Ode to a matriarch

By , December 14, 2012 12:13 pm

Mary Spiers, 1915-2012

knitting another pair of her famous socks

In this Monday afternoon’s fresh air, we buried my grandma Mary under clear skies and the glow of a winter sun which was doing its best to comfort us despite the distance, and so said farewell to the oldest member of our family.  There were of course tears but also plenty of pride and laughter as we reminisced and celebrated her life with gratitude.

To say that my Nana lived a full life would be a gross understatement. During her 97 years on this planet, she experienced things on a scale we can only attempt to imagine. She saw my dad go from nappies to being a grandparent. She lost her husband (my grandpa) to cancer after 45 years of marriage, and then out-lived him by another 26 years. She saw the world go through transformations which would have been utterly unthinkable at the time she was born: two world wars, radio, automobiles, home appliances, air travel, TV, plastics, nuclear power, space travel, personal computers, and the internet. She was 37 when Elizabeth was crowned Queen in 1953, and experienced 23 changes of Prime Minister. How do you summarise and pay tribute to a life like that?

Mary was first and foremost a people person, and as repeated by a few of her friends who I met for the first time at the post-funeral gathering, no-one who got to know her could fail to notice her loving nature. She was incredibly proud of her family, devoted to friends, and always put others ahead of her own needs. Apparently she originally intended to be cremated, but then recently decided she wanted to be buried next to her husband so that we would visit him more often!!

In contrast to her warm heart, she was tough as nails. There was one time only 2 or 3 years ago when she slipped and accidentally head-butted a fairly thick glass door pane. It shattered and she was bleeding fairly heavily but flat-out refused to allow us to take her to hospital for a check-up, insisting that she was perfectly fine (and she was). This probably stems back to her childhood – she was raised in absolute poverty in Glasgow’s infamous Gorbals, one of the roughest areas in the whole country, but had nothing but happy memories of her early years playing out in the yard with the other kids, where she said their imaginations were all they needed to keep them entertained for hours. The whole family of 7 lived in one room, without the basics we take for granted like electricity, hot running water etc.

There are plenty more stories of her strength. I wish I could travel back in time and meet her as a young adult. She was too unassuming to volunteer information about her youth, but we did squeeze quite a few stories out of her over the years. One of my favourites was how in her early 20s she got mugged on the street by a guy who snatched her handbag, and ran away. She ran after him, caught him up, and wrestled it back! I can’t imagine that ever happening these days.

on a family walk

on a family walk

Around the same time as this story, she moved from Glasgow to Birmingham, but somehow retained her Scottish accent for the next 70+ years. She had various jobs, including a fairly short stint at Cadbury (prematurely terminated by her three sons who were terrified she’d get fat from all the free chocolate), and a very long stint at Marks and Spencer where she made many life-long friendships. But these all took a back seat compared to her duties as mother and housewife. She was particularly famous for her home-made fishcakes, Xmas trifle, and pantry with hidden treats which often got raided by naughty sons and grandchildren. She always kept her house spotlessly clean, even recently cleaning her windows on a weekly basis, and at the funeral we joked that anyone mentioning “dust to dust” would get in serious trouble if she was around.

She was full of energy, fiercely independent, and for the last few decades quietly and continually defied conventions about what is possible in old age. She was a volunteer worker well into her eighties, regularly visiting “old” people’s homes to care for those in some cases over 20 years younger than herself. If I recall correctly, she also maintained a daily keep fit routine (including press-ups of course) into her eighties, and in a similar period joined a country-side rambling club (and then got puzzled why she felt tired after a 6 hour walk). She gave blood for years until finally her doctor said it wasn’t safe any more. She lived independently into her nineties, only reluctantly agreeing to move into a mildly assisted living arrangement when it started getting difficult to walk to the shops. After the initial shock of her only change of environment in over half a century, she quickly made friends and discovered a whole new social life.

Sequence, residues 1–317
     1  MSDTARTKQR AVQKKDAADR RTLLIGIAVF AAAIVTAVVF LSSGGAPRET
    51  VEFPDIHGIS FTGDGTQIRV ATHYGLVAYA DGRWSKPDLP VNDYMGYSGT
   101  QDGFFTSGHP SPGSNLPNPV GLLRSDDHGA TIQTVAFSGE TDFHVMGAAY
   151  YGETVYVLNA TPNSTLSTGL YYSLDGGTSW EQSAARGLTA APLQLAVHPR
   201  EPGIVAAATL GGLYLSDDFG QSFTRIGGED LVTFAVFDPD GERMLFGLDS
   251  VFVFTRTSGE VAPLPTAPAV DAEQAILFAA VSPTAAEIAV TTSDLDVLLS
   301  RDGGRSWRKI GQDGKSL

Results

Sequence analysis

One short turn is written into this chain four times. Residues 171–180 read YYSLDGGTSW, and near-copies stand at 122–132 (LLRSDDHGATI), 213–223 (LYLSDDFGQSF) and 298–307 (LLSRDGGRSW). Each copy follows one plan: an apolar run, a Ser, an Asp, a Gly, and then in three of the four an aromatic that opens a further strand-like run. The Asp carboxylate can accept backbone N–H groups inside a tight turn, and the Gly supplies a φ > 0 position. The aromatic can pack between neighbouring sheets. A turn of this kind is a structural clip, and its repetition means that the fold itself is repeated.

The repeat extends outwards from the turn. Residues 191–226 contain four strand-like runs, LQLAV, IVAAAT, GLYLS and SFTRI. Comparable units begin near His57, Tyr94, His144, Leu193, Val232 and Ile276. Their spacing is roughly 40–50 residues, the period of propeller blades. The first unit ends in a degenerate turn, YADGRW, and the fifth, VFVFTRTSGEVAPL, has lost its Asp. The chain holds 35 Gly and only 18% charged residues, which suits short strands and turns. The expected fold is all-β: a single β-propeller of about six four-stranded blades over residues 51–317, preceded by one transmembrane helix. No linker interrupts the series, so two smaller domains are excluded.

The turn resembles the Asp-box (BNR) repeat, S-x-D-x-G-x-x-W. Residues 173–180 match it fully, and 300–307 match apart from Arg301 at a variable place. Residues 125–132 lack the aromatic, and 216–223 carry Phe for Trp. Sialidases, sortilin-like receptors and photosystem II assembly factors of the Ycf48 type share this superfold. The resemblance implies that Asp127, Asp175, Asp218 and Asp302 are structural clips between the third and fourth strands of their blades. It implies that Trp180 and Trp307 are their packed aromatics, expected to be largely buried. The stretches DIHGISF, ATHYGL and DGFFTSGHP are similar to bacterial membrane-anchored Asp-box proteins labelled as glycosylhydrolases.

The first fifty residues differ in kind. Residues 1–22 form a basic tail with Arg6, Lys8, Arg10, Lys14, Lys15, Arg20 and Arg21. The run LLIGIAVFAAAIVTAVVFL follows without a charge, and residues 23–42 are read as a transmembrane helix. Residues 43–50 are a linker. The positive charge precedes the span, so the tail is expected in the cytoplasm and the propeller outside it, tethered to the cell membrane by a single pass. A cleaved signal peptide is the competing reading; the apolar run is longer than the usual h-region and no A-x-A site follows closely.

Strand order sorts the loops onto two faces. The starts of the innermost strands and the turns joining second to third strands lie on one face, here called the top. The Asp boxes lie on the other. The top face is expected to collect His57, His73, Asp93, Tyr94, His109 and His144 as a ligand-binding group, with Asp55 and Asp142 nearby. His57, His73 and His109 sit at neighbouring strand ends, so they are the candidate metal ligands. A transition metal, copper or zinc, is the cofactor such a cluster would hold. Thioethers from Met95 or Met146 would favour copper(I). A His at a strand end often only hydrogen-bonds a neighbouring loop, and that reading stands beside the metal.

in the garden of the house she lived in for over half a century

She was generous almost to a fault and a shining example of the joy of minimalist living, giving away possessions (including recently received presents!) at every opportunity. She enjoyed several creative outlets, including gardening, flower arranging, wood working, tapestry, dress making, painting, and knitting – in particular she was an extremely prolific knitter of high quality woollen socks, and over the years everyone in the family (even in-laws) has amassed sizeable legacies of these coveted items.

She was uncompromisingly honest, to a degree of bluntness which over time we learnt to receive with amusement and delight rather than the awkwardness which is socially conventional when you give someone a present they don’t like or take them to the wrong restaurant! This honesty also brought me some important lessons in life. Like everyone else I hope to live a long time, but it was only through Nana that I realised the cost: you see almost everyone else from your generation die, make younger friends, watch them die, make even younger friends, and so on. I don’t know how she found the strength to bear so many losses without complaining or even expecting sympathy, but it explains why she never minced words and always made sure to let us know she loved us.

knocking up a wooden cabinet from scratch, as you do

knocking up a wooden cabinet from scratch, as you do

You don’t always fully appreciate your blessings until they are gone, and I had to fight hard not to completely lose it as I watched her being lowered into the ground. But the day had to come, and she was more ready and prepared for it than any of us. Just a few weeks ago, she gave my sister instructions “not to be sad when I go”, and after a bit of negotiation conceded to a request for permission to be just a little bit sad with “oh all right then”.

She always loved a good laugh, and even on this occasion managed to get the final joke. She was the most religious member of our family (although that’s not saying much). Just before the funeral it came up in conversation that Jewish law says that mourners should tear their clothing, but my uncle Barry said that there was no way he was doing anything to his nice suit! So of course when it came to helping shovel the dirt over her coffin, he bent down and heard a 30cm long rip appear in his trousers. Days later and I can still hear her delighted Scottish cackle mocking her disobedient son. R.I.P. Nana, you will be missed.